5. Police the people you go to the game with: Very few people go to footy matches alone. People need the attitude of making sure they’re mates are doing the right thing rather than “sticking up for your mates no matter what.” I remember a Hawthorn v North Melbourne final I went to where a drunk Hawthorn fan was becoming aggressive towards a North Melbourne father and son in front. The issue was taken care of much quicker than the security guards could because the Hawthorn mates told their friend to pull their head in and took him away from the situation then apologised to the North Melbourne father after.

6. Do not act obnoxiously loud and continually bash the other team: I put this rule last because it is the only rule I am unsure on. It must be said that some people go to big footy games looking to fight. I know where to find a large group of drunk Collingwood supporters and I know what to say to make them fight me. However I do feel that in most cases rules 3 and 4 should overrule this one. I think the most humiliating thing for somebody to do is to sledge a player who they don’t know the name of. For example last year at Richmond v Dogs a man yelled out “Leave Deledio alone 22!” In my books, Dylan Addsion should be off limits to that man. Complaining about every umpiring call is also annoying and going on about it also grows tiresome quickly. Perhaps the rule should be don’t sledge the umpires until the replay is shown clearly proving your case. However even in this circumstance, umpires are umpires and you should move on pretty quickly.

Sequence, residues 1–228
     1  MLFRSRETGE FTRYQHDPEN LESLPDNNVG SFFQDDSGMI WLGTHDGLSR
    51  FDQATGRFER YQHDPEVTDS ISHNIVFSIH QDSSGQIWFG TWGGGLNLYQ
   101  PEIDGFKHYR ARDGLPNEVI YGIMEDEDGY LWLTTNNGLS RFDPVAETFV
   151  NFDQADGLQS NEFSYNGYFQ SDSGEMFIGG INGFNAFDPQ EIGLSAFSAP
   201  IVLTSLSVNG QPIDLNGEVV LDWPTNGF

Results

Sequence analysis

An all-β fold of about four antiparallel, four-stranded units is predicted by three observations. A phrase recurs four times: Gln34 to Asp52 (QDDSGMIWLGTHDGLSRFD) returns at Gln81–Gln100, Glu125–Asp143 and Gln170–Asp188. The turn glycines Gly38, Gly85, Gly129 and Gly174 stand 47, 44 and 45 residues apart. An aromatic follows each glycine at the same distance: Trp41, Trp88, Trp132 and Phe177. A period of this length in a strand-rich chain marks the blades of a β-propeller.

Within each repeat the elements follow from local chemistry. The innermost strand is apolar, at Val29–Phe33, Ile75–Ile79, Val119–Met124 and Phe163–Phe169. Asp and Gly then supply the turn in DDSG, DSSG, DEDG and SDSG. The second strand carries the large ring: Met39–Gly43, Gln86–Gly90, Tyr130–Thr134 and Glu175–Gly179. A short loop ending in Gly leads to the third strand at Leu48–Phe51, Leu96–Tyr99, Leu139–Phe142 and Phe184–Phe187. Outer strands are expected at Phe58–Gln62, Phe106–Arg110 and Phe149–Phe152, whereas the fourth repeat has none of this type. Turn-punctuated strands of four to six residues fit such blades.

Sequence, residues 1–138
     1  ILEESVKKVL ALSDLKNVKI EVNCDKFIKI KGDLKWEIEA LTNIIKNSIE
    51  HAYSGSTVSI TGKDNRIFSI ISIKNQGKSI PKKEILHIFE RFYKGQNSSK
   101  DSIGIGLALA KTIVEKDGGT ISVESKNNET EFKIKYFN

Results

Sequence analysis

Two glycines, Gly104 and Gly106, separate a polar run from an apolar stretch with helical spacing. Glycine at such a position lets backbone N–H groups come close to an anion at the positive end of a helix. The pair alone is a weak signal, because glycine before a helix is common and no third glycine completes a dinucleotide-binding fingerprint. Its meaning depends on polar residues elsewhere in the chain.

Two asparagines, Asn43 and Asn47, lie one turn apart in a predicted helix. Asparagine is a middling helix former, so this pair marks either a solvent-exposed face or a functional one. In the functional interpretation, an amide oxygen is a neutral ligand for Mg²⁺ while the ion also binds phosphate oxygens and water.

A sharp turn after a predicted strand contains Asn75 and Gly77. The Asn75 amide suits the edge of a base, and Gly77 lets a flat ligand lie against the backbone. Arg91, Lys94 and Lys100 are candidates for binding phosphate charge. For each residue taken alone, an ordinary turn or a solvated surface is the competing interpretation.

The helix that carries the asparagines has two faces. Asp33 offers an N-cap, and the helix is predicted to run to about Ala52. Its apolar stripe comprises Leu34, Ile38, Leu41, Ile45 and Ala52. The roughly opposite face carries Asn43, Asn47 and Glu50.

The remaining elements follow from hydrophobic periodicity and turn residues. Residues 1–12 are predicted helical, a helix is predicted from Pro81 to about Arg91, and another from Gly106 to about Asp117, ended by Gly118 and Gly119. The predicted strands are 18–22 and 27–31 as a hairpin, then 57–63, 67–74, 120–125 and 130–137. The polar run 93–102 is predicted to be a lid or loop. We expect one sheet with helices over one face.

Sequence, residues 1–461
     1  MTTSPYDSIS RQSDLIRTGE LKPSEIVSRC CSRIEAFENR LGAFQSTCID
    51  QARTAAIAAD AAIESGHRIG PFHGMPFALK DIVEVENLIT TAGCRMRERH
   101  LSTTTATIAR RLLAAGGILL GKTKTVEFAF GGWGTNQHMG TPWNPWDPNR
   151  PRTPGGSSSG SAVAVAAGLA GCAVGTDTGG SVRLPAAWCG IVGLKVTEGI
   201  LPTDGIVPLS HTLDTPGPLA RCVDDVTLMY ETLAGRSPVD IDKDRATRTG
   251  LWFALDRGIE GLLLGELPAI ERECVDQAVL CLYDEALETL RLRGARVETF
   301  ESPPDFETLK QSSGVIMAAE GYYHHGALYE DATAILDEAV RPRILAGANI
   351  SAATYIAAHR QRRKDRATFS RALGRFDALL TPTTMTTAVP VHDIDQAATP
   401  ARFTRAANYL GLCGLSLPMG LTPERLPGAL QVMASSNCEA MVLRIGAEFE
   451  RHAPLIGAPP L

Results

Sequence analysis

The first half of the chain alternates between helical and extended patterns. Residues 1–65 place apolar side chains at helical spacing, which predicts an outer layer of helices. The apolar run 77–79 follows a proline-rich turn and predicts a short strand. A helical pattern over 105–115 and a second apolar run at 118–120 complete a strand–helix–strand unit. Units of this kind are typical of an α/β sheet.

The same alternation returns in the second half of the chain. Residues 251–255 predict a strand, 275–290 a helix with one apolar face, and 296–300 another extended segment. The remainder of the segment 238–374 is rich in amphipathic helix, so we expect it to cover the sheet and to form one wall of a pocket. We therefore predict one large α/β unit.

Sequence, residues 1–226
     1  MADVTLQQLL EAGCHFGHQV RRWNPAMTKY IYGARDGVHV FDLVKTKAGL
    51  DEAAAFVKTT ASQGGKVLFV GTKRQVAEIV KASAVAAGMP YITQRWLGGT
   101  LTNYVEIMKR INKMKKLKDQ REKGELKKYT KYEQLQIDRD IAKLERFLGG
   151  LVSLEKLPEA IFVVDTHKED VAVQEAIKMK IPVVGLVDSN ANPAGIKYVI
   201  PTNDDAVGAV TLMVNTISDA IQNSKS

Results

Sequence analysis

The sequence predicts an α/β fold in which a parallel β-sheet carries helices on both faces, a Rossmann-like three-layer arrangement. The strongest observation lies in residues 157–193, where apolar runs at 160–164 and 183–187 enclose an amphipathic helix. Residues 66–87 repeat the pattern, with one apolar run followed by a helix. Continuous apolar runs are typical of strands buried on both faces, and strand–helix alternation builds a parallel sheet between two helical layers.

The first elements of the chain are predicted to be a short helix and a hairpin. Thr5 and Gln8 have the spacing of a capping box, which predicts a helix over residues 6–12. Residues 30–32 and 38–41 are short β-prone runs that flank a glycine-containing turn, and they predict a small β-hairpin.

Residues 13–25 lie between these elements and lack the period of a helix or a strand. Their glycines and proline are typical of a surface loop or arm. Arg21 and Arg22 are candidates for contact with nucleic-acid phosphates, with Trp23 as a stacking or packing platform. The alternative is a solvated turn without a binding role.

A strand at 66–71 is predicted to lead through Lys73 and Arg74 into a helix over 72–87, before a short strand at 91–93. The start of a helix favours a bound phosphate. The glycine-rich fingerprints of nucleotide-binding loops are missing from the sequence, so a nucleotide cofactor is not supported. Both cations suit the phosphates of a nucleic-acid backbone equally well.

So there are my six rules to crowd behavior, they’re easy to follow, tricky to police and rely on self evaluation of fans. Perhaps it would be easier to make sports grounds like MCG a dry zone but that would be unfair to people who go to the footy, drink and do the right thing. It is a tough issue in which only one thing can be made clear, the AFL refuse to take a stance on the issue and are yet to make an attempt to fix the problem.

Comments

  1. Nice work. Also at the Richmond v Carlton game there was quite a big fight that broke out early in the final term, unfortunately with kids all around. While I was too far away to know what the cause was, it was a group of 5-6 young blokes who were led away by the security and cops. Wasn’t good enough. It’s certainly an issue that needs adressing

  2. Pamela Sherpa says:

    Michael, when I go to a live game, I book tickets in the dry zone whenever possible . Any crowd fights I have seen at the footy have been the result of too much alcohol.
    You’ve raised some very pertinent points about crowd behaviour. I honestly don’t think the AFL will do much to address it -They want the revenue from bums on seats and beer sales.

  3. Phil Dimitriadis says:

    Terrific, thought provoking piece Michael. Booze and tribal passion are often not a good mix. People lose their inhibitions, which is okay in certain places, but they also tend to lose respect for themselves and others. I agree Pamela, any trouble I have seen and been involved in has been alcohol fueled. Would it be such a huge sacrifice to not drink for 2 and a half hours?

  4. Mark Doyle says:

    Michael, You are exaggerating the behavior of AFL footy fans. I am a regular AFL attendee in the AFL Members (section M) stand and the Geelong Social Club members stand and observe very few examples of bad behavior, except for the feral Richmond supporters in the AFL Members. It could be an interesting academic sociological study for you psuedo intellectual almanackers to analyse the behavior of the feral Richmond supporters.
    I believe your comments are made about the small number of morons who sit in the cheap seats of the public areas and come from the cultural wastelands of the Melbourne outer suburbs and the northern and eastern suburbs of Geelong, where the people are poorly educated and have poor standards of moral and ethical behavior.

  5. The term “psuedo-intellectual” usually says more about the accuser.